What does declining sink efficiency mean in simple terms? As Dr. Canadell explained to me, “For every ton of carbon dioxide we emit into the atmosphere, we are leaving more and more in the atmosphere” each passing year.
Significantly, the study found that of the reasons for the decline in land and ocean sink efficiency, “intrinsic” carbon-cycle feedbacks were responsible for about about 40% of the drop:
Fifth, our model-based attribution suggests that the effects of intrinsic mechanisms (carbon-cycle responses to CO2 and carbon–climate coupling) are already evident in the carbon cycle, together accounting for ∼ 40 % of the observed decline in kS over 1959–2013. These intrinsic mechanisms encapsulate the vulnerability of the carbon cycle to reinforcing system feedbacks…. An important open question is how rapidly the intrinsic mechanisms and associated feedbacks will contribute to further decline in kS under various emission scenarios.
The study notes that “Many (though not all) of these [feedbacks] are fundamentally nonlinear.” It concludes that “Using a carbon–climate model, continuing future decreases in kS will occur under all plausible CO2 emission scenarios.” So the land and ocean sinks are projected to become increasingly less efficient. There’s uncertainty about exactly how fast that will happen, but there’s a very high probability it will happen faster than it has.
As noted above, some feedbacks — such as the permafrost melt and wildfires — are already well known to reduce the net uptake of carbon dioxide from the land sink. NOAA and the National Snow and Ice Data Center have estimated that the permafrost will turn from a carbon sink to a source by the 2020s. The permafrost feedback by itself has been projected to add up to 1.5°F to total global warming by 2100. Remember, no climate model used by the IPCC factors in the permafrost feedback!
A 2012 study led by the U.K. Met Office‘s Hadley Centre, “High sensitivity of future global warming to land carbon cycle processes,” used a major global climate model to systematically study potential land carbon-cycle feedbacks. The researchers found that those feedbacks were “significantly larger than previously estimated.” Those feedbacks are so large that they could add as much as a few hundred parts per million to carbon dioxide levels in 2100 compared to the no-land-feedback case — even in a scenario of moderate carbon dioxide emissions. That in turn could add 1°C or more to total warming in that case. And that is just for this century.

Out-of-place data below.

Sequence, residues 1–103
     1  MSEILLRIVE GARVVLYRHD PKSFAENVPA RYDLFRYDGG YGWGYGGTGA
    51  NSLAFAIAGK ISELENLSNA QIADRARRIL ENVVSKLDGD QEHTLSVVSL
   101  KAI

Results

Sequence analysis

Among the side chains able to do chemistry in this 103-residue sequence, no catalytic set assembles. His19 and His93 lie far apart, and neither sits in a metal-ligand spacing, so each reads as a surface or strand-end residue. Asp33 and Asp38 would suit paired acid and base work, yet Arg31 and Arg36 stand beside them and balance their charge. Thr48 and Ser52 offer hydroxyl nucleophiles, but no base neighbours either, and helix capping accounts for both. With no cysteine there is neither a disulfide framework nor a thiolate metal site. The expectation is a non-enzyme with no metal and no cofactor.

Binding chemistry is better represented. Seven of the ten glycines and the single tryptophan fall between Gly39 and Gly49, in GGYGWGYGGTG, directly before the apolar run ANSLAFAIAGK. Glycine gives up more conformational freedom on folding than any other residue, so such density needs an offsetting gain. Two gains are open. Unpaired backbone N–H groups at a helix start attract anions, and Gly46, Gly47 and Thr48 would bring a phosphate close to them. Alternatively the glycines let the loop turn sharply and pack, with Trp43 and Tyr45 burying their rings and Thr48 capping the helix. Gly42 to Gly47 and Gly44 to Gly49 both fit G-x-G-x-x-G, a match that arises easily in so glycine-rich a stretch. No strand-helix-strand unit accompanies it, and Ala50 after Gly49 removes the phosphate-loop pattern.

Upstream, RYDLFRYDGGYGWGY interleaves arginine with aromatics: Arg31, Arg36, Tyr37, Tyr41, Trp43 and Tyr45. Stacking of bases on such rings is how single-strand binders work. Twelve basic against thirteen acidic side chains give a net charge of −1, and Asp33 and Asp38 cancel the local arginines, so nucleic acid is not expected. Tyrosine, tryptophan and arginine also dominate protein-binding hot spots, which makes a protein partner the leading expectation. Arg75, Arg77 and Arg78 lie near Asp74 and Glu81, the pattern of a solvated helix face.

The oceans similarly have feedback processes that threaten to reduce their net uptake of carbon dioxide over time. For instance, global warming drives ocean stratification — the separation of the ocean into relatively distinct layers — which in turn reduces the ability of the oceans to take up carbon dioxide (as explained here).
The bottom line is that our best shot at stopping catastrophic warming is to start cutting carbon pollution immediately. The longer we wait, the less nature’s carbon sinks will be able to help us and the greater the risk that we cross tipping points that cause feedbacks like the permafrost melt to become “self-reinforcing.”
NOTE: The lead author on this 2014 study, Professor Mike Raupach, died last month. He co-founded the Global Carbon Project, and as the GCP tribute notes, he was “an extraordinary carbon cycle scientist and climate change communicator.” To learn more about Raupach, The Conversation has an excellent article on “the scientist who tallied the world’s carbon budget.” He will be missed.